THE GENE JOHNSON COLLECTION OF COMPOSITION FIGURES WITH TINPLATE AND DIECAST VEHICLES
This collection was started in the 80's when Gene Johnson rediscovered some old Britain Soldiers that he had played with as a child. The discovery ignited an interest in the history as well as the technique for creating these "little men".
He began with just Britains, but after attending several shows and meeting Neal Crowley, who became a close and dear friend, his interest and enthusiasm for the craftsmanship of the soldiers began to expand. Together, the two of them started concentrating on Lineol and Elastolin models and thus created this fairly impressive and broad representation of these two particular manufacturers.
The name of Gene Johnson has since then been synonymous with Elastolin, Lineol and Tinplate as the owner of one of the most significant collections of these toys in the Americas. It is now some years since Neal Crowley's own magnificent collection made its way to Kentucky to combine the efforts of the two enthusiasts into one near definitive assembly.
There are few vast arrays of marching men here, because the name of Gene Johnson's game has been the finding of the many differences of style within each type of figure, so that what looks to be such a mass breaks down immediately into interesting sub-groups and changes of mould.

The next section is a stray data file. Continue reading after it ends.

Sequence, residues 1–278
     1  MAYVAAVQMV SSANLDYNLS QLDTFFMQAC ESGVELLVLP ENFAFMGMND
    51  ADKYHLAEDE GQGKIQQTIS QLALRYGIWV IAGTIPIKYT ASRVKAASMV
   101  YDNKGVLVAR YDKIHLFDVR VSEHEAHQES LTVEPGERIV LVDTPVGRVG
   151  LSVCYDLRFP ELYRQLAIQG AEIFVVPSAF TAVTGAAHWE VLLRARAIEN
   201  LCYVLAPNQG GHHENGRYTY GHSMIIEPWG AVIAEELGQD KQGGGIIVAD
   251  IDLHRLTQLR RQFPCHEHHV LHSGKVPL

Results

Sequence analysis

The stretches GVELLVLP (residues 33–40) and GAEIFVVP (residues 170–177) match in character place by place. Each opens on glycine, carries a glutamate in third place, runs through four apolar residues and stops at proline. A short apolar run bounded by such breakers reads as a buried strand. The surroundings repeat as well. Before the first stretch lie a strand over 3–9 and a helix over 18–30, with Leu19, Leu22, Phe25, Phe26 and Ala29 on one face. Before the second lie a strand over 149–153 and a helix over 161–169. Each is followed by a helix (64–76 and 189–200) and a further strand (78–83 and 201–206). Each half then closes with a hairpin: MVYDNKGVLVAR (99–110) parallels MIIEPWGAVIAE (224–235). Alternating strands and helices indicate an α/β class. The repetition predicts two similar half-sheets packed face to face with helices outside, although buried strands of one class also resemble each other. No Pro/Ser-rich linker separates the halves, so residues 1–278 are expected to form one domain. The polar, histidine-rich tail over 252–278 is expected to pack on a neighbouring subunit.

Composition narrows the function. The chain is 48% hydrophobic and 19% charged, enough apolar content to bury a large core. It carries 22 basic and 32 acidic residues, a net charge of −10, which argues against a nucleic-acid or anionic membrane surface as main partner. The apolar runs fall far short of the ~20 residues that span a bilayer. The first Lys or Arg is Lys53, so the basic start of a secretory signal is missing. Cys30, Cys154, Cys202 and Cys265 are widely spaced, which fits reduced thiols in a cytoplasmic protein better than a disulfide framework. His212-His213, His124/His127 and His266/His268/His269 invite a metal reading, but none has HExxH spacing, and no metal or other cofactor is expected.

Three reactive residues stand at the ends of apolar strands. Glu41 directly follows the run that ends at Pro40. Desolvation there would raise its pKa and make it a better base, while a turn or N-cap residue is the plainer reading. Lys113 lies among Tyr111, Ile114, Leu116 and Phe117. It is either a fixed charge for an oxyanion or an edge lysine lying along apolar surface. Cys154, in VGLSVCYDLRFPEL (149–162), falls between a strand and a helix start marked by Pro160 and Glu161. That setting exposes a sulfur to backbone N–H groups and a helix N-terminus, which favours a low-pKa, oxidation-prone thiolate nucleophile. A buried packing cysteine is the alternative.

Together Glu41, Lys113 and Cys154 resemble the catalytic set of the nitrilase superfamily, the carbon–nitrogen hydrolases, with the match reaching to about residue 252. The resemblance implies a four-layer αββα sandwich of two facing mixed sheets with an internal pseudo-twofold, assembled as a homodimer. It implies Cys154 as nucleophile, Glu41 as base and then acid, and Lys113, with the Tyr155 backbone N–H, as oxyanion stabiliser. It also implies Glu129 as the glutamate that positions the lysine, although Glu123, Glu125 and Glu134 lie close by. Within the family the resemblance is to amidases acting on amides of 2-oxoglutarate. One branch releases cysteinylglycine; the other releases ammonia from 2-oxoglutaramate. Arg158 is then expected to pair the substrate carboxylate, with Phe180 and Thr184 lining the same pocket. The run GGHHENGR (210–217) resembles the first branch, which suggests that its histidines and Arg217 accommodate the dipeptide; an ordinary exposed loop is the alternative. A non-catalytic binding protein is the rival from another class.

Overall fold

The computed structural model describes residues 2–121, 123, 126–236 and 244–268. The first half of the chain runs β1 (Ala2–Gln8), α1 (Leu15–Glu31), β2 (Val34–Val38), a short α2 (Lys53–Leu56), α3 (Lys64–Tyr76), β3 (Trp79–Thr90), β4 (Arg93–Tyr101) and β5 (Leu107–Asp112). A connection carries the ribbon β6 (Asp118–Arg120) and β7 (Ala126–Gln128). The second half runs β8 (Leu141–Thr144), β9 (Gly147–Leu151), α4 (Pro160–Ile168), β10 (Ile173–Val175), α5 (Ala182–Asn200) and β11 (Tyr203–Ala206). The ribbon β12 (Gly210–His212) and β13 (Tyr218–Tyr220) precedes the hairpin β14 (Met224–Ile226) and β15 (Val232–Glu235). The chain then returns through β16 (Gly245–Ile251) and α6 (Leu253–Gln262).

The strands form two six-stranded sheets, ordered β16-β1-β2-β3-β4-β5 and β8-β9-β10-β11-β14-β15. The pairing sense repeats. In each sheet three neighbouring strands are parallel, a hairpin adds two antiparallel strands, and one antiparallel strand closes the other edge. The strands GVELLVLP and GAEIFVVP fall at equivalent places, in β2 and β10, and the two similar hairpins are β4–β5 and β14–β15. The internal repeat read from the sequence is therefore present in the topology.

Here are accumulations of virtually every sort of subject in composition, from tinplate vehicles, horsedrawn or motorized, artillery, trench warfare, Romans, knights, Frederick the Great, the American War of Independence, Napoleon and his Imperial Guard, the Abyssinian War, the World Wars, the ceremonial and service dress of many countries and civilians, with animals, farms, zoos, hunters, Eskimos, Tarzan and fairy tales.
He has enjoyed not only gathering this collection together, but also the many friends he has met along the way. Sharing this interest with Neal made it all the more fun for both of them. The wish now is that others may enjoy Gene's army as well.
NOTES ON CONDITION
Composition figures are made of a sawdust and glue based plastic material which is pressed into moulds around a metal skeleton and lightly baked. Over the years, genuine composition figures tend to dry out further and develop hairline cracks. In the following lots, such cracking is taken as being present where acceptable to the overall condition of the paintwork. Where more severe damage has resulted from cracks, this is described in the lot concerned.
NOTES ON SCALE
Scale measurement is taken to be the height of a man from the soles of the feet (excluding the height of the base) to the crown of the head (excluding head gear) in millimetres.
The most frequent scales manufactured by Elastolin, Lineol and their contenmporaries, using the above definition, are:
large size - 90mm
standard size - 70mm
small standard size - 65mm
medium size - 60mm
small size - 55mm
smaller size - 50mm
miniature size - 40mm
These scales were not absolutely constant, especially between the 60mm. and 70mm. sizes, since bases and head gear can account for an extra 10mm., and some earlier 60mm. scale figures were continued into the later period when bulkier and more detailed 70mm. figures were standard.
VEHICLES, GUNS AND AIRCRAFT
A tinplate clockwork four-wheel Armoured Car 1